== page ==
Modifications to materials or lining for existing infrastructure could enable conversion to 100% hydrogen in the future.
Our midstream R&D is focused on enhancing the safety and efficiency of natural gas production, transmission, and storage infrastructure. One thing we’re exploring is the potential of using our existing domestic natural gas pipeline infrastructure to expand the transportation of hydrogen.
The natural gas pipeline network within the United States is a highly integrated network that moves natural gas across about 3 million miles of mainline to end-user markets and other pipelines, and between natural gas producing areas and storage facilities.
Within this network, over 1,600 miles of pipeline are dedicated to the transmission of hydrogen, representing the largest dedicated hydrogen pipeline system anywhere in the world.
Blending hydrogen into natural gas pipeline networks may be an option for delivering pure hydrogen to markets, using separation and purification technologies downstream to extract hydrogen from the natural gas blend near the point of end use.
We need to assess multiple factors to safely integrate hydrogen blending into the existing natural gas pipeline systems. One problem remaining to be solved is hydrogen embrittlement, the degradation of structural materials due to exposure to gaseous hydrogen.
While hydrogen compression can be utilized for transport and storage, this compression does come with energy penalties of up to 20% of the energy content required for compression.
Third, we’ve invested considerable resources supporting the development of hydrogen turbines, fuel cells, and coal gasification systems with pre-combustion carbon capture for producing hydrogen fuels. We are researching how hydrogen turbines and solid oxide fuel cells can generate carbon-free electricity. We’ve also conducted technical and economic system studies evaluating hydrogen production through processes like steam methane reforming.
And we expect that in the quest for a lower-carbon future, we can utilize hydrogen, CO2, and carbon from coal to make advanced products such as carbon fiber, graphene, and carbon foam, which have better performance and lifecycles than current products.
Finally, our new Advanced Energy Storage program is leveraging the low-cost, low- or no-emissions production of hydrogen from fossil fuels to facilitate energy storage that can improve our energy production and use.
Hydrogen can be stored either as a gas or a liquid. Storage as a liquid requires high-pressure tanks. But hydrogen can also be stored underground; for example, in salt caverns, depleted oil and gas reservoirs, aquifers, and hard rock caverns. The Fossil Energy Office already has extensive experience with natural gas storage.
Geologic cavern storage of hydrogen for industrial use already exists at two locations in Texas and is being developed in Utah. We are currently working to characterize and validate geologic storage around the United States that can be used for hydrogen storage. That storage will enhance the security, reliability, and resilience of our energy infrastructure.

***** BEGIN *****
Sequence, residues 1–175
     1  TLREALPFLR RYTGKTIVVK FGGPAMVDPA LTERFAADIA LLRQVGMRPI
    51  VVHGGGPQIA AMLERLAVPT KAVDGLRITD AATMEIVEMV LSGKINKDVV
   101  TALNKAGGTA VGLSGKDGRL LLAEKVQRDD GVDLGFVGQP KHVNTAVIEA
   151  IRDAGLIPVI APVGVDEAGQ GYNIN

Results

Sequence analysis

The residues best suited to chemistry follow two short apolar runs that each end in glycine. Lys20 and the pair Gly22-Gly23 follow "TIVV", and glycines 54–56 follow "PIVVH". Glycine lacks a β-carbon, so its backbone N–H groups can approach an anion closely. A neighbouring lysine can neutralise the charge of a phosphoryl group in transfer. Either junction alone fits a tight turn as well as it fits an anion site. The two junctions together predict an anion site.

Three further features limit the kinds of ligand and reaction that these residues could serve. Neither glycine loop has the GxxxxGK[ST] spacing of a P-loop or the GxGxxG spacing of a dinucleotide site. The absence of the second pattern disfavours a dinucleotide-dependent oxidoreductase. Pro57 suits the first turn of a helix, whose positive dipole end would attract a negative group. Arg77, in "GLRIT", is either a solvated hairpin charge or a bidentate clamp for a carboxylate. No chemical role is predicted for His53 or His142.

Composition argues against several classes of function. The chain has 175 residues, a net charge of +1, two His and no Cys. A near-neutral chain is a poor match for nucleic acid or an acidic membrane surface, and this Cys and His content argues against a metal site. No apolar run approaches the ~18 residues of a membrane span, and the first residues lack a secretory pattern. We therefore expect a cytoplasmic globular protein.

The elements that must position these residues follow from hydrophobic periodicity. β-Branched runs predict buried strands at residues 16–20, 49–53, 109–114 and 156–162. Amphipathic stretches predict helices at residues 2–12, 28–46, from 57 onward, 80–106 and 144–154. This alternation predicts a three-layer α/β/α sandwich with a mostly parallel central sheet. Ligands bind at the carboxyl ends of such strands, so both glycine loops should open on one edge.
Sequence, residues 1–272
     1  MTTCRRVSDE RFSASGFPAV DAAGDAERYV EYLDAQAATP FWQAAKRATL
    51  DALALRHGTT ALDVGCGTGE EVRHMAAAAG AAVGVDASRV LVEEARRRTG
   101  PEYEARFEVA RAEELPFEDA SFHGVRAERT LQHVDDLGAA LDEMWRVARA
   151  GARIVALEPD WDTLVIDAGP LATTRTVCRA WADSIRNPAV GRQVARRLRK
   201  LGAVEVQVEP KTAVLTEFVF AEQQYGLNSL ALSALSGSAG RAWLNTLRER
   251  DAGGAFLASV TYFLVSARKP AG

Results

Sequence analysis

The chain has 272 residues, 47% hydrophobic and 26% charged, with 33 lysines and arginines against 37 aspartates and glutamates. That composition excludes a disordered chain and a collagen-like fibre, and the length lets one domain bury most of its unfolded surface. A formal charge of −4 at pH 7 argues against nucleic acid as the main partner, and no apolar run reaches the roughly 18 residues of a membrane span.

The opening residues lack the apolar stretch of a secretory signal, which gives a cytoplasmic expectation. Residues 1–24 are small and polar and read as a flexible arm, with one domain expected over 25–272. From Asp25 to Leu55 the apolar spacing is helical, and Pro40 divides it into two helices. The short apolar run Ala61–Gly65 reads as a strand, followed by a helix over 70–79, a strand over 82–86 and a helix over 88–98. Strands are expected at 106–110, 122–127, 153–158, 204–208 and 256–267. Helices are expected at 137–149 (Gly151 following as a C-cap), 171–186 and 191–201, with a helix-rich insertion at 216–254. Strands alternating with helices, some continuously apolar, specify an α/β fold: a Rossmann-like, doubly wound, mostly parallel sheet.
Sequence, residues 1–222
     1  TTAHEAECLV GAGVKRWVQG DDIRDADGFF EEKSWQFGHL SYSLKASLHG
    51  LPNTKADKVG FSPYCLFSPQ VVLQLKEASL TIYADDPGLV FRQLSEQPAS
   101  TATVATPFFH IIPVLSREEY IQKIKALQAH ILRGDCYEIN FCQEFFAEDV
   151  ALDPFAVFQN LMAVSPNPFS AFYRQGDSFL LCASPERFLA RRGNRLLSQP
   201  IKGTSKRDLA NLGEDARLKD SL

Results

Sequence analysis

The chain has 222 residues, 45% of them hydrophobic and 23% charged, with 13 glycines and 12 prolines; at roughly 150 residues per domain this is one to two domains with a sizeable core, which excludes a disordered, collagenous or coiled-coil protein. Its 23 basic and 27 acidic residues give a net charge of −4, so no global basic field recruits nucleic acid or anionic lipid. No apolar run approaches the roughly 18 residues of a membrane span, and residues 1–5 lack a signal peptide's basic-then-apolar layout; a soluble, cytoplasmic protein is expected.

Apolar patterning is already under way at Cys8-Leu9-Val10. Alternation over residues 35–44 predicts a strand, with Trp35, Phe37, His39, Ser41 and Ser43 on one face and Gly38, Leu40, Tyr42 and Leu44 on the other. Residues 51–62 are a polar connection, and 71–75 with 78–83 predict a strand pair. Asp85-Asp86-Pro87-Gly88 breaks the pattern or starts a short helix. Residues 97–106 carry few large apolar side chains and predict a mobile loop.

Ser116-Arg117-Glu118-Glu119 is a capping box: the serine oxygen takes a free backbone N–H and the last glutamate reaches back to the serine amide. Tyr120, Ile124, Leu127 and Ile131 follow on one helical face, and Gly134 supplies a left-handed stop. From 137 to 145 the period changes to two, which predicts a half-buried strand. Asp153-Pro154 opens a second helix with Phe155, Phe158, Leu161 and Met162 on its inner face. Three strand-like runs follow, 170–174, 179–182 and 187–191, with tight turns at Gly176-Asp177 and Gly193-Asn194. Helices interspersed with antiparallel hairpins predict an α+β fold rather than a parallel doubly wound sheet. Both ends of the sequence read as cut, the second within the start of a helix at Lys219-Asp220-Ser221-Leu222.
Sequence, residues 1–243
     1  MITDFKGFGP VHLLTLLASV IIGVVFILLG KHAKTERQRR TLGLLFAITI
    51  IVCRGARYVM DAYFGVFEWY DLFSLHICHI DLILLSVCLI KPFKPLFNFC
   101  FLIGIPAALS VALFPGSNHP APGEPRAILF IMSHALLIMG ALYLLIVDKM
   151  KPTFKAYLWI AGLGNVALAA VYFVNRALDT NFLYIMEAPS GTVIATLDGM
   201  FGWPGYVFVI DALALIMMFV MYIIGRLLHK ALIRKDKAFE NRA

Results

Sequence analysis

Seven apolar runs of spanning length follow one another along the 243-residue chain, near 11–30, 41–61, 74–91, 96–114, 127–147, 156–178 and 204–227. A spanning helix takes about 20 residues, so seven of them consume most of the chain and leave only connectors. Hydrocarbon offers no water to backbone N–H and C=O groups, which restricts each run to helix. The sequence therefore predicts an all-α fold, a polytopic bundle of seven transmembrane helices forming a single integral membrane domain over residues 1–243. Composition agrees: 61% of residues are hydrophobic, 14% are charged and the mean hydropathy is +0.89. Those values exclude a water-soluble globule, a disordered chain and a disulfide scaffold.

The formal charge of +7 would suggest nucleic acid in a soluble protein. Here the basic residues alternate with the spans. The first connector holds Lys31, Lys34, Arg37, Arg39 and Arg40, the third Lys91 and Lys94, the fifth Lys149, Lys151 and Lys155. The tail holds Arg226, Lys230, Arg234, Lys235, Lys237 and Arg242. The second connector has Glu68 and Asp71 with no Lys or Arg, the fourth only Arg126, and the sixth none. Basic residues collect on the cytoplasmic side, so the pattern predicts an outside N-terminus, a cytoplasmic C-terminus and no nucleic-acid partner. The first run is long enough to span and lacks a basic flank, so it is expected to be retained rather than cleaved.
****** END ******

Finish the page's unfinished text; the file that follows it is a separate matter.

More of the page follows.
We’re utilizing our investment, the low cost of natural gas, lessons learned, and our expertise to jump start a low-cost and carbon-free hydrogen economy with CCUS. And we’re looking at ramping up hydrogen production at coal-fired power plants to help manage load and use existing assets in a hydrogen energy ecosystem.
This is where we see the additional benefits of Coal FIRST technologies – particularly modular gasification combined with CCUS, which not only can advance American hydrogen production from coal, but also offers alternative markets and uses for biomass and plastics by converting them to chemicals and a range of fuels beyond hydrogen.
So, technology development will continue to drive global energy transformation, and it will help us address the environmental challenges to critical fossil energy resources for power production.
The International Energy Agency predicts that countries that are developing hydrogen technologies—such as the United States, the UK, Japan, and others—will rely on fossil fuels as the primary source of H2 production.
The United States could position itself to be an exporter of hydrogen, similar to its role as an exporter of liquefied natural gas. Hydrogen exports could become a major industry. FE’s Oil and Natural Gas Office will investigate the possibility of modifying LNG terminals to handle hydrogen and CO2.
Japan is already working with Australia to gasify Australian coal and to import pure hydrogen into the Japanese economy. The United States could replicate that model, or even ship LNG to other countries, convert the natural gas to hydrogen, and return the CO2 to the United States to be stored or used for enhanced oil recovery.
Hydrogen can enable the transition of the electricity, manufacturing, and transportation sectors toward a low-carbon footprint here at home. It will also open up opportunities to provide consumers around the world with cleaner, affordable choices across the power and transportation sectors and keep the United States competitive globally.
The Office of Fossil Energy recently released our “Strategy for Hydrogen”, highlighting the R&D and other efforts we are planning to enable large scale hydrogen production. That production will support the transition to carbon-free power in the transportation and manufacturing sectors. In addition, we released a Request for Information asking our stakeholders for their input on R&D that the Office of Fossil Energy should consider for hydrogen generation, transportation, storage, and electricity generation.
The rest of this workshop will include presentations by the IEA and the Coal and Natural Gas offices in Fossil Energy, highlighting ongoing and future R&D for hydrogen.
Thanks for inviting me to speak today.